Late last month, one of the Republican Federal Communications Commission (FCC) commissioners wrote a letter to the CEOs of Apple and Alphabet, calling on them to remove TikTok from their app stores.
Brendan Carr, the commissioner, stated that “TikTok is not just another video app. That’s the sheep’s clothing… It harvests swaths of sensitive data that new reports show are being accessed in Beijing. I’ve called on @Apple & @Google to remove TikTok from their app stores for its pattern of surreptitious data practices.” Observers pointed out that the FCC, much less a single commissioner, does not have the power to remove apps from the App Store and cannot pressure them to do so beyond writing a letter.
However, now the leaders of the Senate Intelligence Committee have issued a letter calling for a new investigation of the popular app. The authors of the rare joint letter, chairman Mark R. Warner (D-VA) and vice-chairman Marco Rubio (R-FL), urged the Federal Trade Commission (FTC) to “formally investigate TikTok and its parent company, ByteDance.”
“We write in response to public reports that individuals in the People’s Republic of China (PRC) have been accessing data on U.S. users, in contravention of several public representations, including sworn testimony in October 2021,” Warner and Rubio wrote to FTC chair Lina Khan. “In light of this new report, we ask that your agency immediately initiate a Section 5 investigation on the basis of apparent deception by TikTok, and coordinate this work with any national security or counterintelligence investigation that may be initiated by the U.S. Department of Justice.”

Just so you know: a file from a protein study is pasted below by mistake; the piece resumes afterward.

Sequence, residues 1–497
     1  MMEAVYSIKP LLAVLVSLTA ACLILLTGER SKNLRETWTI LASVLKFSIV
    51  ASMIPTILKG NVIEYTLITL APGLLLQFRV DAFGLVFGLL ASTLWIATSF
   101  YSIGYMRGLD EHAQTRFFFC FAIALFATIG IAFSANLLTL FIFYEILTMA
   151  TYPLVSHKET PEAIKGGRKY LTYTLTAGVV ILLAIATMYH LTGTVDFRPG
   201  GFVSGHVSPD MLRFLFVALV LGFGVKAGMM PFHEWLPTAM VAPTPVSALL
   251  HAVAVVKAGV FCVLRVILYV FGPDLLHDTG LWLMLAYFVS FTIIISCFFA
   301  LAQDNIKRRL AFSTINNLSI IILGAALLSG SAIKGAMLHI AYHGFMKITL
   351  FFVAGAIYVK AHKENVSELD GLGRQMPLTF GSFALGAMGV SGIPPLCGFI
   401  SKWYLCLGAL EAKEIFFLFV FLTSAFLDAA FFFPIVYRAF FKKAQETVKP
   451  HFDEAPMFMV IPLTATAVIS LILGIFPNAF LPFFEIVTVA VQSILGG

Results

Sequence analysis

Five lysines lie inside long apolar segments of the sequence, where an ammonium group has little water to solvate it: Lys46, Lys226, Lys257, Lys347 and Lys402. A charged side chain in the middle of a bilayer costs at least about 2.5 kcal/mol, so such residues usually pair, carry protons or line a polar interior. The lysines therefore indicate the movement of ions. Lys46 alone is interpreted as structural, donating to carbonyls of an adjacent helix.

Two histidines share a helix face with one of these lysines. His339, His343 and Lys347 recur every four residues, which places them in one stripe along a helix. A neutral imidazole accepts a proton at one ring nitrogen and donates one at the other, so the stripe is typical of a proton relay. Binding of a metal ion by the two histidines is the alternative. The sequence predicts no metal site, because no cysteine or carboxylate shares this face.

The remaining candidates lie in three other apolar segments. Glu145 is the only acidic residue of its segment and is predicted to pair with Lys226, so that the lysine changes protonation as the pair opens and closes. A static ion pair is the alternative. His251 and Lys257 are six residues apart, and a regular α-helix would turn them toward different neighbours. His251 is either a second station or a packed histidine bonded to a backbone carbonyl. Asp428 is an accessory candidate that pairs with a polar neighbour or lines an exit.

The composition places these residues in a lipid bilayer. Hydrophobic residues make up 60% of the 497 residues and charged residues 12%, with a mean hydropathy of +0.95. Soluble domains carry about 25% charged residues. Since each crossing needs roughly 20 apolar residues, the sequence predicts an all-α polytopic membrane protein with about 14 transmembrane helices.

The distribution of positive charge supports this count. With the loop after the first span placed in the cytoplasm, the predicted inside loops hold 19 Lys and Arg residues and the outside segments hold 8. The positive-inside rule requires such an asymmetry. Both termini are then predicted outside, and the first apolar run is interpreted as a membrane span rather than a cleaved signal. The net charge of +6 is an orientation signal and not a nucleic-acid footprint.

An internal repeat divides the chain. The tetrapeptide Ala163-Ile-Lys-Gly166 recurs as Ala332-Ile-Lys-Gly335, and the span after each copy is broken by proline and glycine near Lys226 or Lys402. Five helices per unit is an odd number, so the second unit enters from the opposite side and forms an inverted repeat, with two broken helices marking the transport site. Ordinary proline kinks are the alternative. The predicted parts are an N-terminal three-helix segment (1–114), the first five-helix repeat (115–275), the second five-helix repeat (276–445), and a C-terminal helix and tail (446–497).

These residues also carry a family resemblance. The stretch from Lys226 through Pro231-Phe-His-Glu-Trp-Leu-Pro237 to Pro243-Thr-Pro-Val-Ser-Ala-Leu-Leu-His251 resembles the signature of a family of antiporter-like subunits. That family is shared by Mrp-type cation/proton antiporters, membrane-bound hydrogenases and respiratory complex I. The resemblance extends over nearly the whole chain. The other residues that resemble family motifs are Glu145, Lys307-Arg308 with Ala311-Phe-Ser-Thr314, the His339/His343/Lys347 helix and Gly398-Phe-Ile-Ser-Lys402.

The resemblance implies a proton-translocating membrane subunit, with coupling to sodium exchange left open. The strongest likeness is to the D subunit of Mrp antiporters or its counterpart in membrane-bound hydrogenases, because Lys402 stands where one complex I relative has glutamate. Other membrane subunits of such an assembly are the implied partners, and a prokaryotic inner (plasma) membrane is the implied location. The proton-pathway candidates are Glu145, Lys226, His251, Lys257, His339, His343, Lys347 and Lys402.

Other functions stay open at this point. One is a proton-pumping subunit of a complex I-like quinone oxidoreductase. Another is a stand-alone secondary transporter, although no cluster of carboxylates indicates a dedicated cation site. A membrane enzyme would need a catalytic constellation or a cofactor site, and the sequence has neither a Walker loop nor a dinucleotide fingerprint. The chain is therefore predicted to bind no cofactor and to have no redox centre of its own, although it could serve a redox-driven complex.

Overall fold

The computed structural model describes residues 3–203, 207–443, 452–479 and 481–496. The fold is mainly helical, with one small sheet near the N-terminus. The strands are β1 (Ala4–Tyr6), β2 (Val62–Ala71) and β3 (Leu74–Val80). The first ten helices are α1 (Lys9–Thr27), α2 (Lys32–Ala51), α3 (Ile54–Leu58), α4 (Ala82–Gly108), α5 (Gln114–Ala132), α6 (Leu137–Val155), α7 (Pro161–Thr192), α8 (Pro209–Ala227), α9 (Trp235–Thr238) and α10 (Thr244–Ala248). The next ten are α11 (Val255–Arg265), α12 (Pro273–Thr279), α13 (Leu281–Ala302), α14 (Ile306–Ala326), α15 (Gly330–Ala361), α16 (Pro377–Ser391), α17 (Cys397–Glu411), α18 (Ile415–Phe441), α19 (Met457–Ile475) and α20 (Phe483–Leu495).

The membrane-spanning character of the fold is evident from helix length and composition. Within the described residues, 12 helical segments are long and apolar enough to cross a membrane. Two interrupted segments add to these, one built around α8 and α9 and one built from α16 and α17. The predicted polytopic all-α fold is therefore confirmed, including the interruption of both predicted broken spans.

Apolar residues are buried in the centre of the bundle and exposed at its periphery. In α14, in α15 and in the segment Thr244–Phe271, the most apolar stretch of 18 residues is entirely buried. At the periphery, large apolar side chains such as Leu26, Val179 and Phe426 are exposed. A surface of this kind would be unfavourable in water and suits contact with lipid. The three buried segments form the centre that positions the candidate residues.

Both the FCC and Intelligence Committee letters directly cited a recent investigation by Buzzfeed News which found that China-based employees of TikTok’s parent company had been regularly able to access private user data. Buzzfeed’s report was based on more than eighty internal TikTok meetings, the records of which the outlet obtained.
In 2020, President Trump threatened to ban TikTok from operating in the United States and even brokered a deal for Oracle to purchase its U.S. operations, but the deal was never completed.
Stephen Silver, a technology writer for The National Interest, is a journalist, essayist and film critic, who is also a contributor to The Philadelphia Inquirer, Philly Voice, Philadelphia Weekly, the Jewish Telegraphic Agency, Living Life Fearless, Backstage magazine, Broad Street Review and Splice Today. The co-founder of the Philadelphia Film Critics Circle, Stephen lives in suburban Philadelphia with his wife and two sons. Follow him on Twitter at @StephenSilver.